When my son was an infant and rolled over for the first time, like any new mom I took all of the appropriate steps: video taped his latest feat, took pictures and immediately sent them to his grandparents, and then began to panic. This little guy was going to be mobile and I needed to babyproof everything! With my new rolling (and, let’s be honest, barely mobile) baby in tow, I walked into the largest baby store I could find and headed straight to the babyproofing aisle. Before me stood a giant wall with every lock, latch, gate, protective cover, cushy foam liner, and things I didn’t know what they’d protect kids from, and I bought it all. All of it. When I installed something that resembled a padlock on the toilet that neither my husband or I could unlock , I knew I’d gone too far. So I eased up on babyproofing every square foot of the house and kept to the essentials (the toilet was not one of them), but keeping medicines up and away was on the top of my list. But now that my kids are a little older, I’ve realized that medicines in this house aren’t far enough out of reach and that needs to change today!
When I read on OTCsaftey.org that more than 60,000 young children end up in the emergency room every year because they got into medicines when their parents or caregivers weren’t looking, I acted like a lot of parents and thought “not in my house.” We were storing our over the counter medicines and vitamins in a kitchen cupboard up and away and out of sight for a young toddler. However, now that my kids are three and five and growing like weeds, our medicines that I thought were in a safe place really aren’t. Look what happened when I asked my five-year-old son if he knew where Mommy kept the medicine.
He quickly grabbed a step stool he uses to reach the sink when he brushes his teeth, pushed it up to the cupboard where we keep all the medicines, and could grab a few bottles from the bottom shelf. With a little boost onto the counter, he could reach everything. Everything I thought I’d securely put away, he could reach. So my initial thought of “not in my house” was not the case. Scary, right?
I’ve put all of our medicines and vitamins into a box that I can lock and I’ve moved it to a higher shelf that I need to get on my tip toes to reach. Now I know everything is out of reach of tiny hands. But what happens when my kids aren’t at my house? What happens when they are visiting my parents house?
Telling your parents what they need to do in their own home can be a little tricky, believe me I get it. I just convinced my dad that Netflix is a blessing from the TV Gods after months of touting the benefits of streaming. Ridiculous.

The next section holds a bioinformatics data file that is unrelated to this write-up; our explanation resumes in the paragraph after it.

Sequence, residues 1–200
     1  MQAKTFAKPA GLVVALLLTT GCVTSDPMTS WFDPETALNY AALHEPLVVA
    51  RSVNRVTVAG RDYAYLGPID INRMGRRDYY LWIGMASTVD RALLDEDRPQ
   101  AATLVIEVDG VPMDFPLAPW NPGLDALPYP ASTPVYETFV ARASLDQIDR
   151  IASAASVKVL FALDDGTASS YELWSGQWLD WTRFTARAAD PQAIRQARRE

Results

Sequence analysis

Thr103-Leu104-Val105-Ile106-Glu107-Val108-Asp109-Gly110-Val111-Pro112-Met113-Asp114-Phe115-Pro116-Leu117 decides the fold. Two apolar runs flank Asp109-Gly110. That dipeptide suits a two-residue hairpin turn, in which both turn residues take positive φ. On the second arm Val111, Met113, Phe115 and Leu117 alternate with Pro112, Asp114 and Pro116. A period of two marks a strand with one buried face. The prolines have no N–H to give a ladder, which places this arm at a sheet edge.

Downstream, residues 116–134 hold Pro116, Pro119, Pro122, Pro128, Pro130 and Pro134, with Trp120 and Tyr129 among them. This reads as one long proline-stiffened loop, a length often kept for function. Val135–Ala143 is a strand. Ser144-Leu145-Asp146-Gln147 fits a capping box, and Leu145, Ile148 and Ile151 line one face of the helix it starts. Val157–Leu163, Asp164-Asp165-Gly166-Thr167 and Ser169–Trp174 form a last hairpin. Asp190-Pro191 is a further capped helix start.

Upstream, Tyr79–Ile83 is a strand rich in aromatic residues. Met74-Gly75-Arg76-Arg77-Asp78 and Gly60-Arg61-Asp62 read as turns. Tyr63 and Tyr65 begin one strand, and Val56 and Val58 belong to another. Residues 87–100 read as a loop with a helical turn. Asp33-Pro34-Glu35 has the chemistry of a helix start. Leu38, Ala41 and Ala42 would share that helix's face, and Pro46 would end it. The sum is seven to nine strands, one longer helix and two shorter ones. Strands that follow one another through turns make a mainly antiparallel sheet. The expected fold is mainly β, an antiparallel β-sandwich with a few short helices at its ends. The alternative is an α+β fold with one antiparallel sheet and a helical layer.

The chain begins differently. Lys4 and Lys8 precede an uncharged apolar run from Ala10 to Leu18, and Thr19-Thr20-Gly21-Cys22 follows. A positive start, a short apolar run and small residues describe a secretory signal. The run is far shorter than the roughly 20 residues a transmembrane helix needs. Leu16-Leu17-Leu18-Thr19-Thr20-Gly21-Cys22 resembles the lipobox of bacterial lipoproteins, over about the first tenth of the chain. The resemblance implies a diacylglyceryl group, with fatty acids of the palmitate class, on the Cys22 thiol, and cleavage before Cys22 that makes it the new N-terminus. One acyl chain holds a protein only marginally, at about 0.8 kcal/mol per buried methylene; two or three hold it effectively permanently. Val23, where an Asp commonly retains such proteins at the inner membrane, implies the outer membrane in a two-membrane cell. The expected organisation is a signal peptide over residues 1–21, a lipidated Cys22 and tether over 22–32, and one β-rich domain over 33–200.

Grandparents haven’t had to babyproof years, but opening up the lines of communication with grandparents can save your children’s life. I shared some of the facts I learned on the Up and Away’s website like 38% of the time, the medicine that a child gets into belongs to a grandparent and 39% it’s a parent’s medicine. Children most commonly find these medicines on kitchen counters, nightstands and dressers, in purses and bags, or on the ground. Then I showed my mom the pictures of my son able to reach the medicine I thought was secure.
The pictures scared her as much as it scared me, and she’s assured me she’s going through her house to move all medicines before our visit this weekend. After all, she loves these two rug rats, and who could blame her?
So what can you do to protect your kids?
- Take inventory in your own home and before traveling to a grandparent’s house or they visit yours, be ready to have a conversation about safe storage
- Follow the safe medicine storage tips recommended by CDC’s PROTECT Initiative and its Up and Away and Out of Sight campaign
- Log onto Up & Away and Take The Pledge and share this information with your friends and caregivers.
So, friends, what are you going to do in your home to make sure you medicines are Up and Away?
Up and Away is an educational program to remind families of the importance of safe medicine storage. It is an initiative of the PROTECT Initiative, in partnership with the Centers for Disease Control and Prevention and the Consumer Healthcare Products Association Educational Foundation. I am being compensated for this blog post but my opinions are all my own.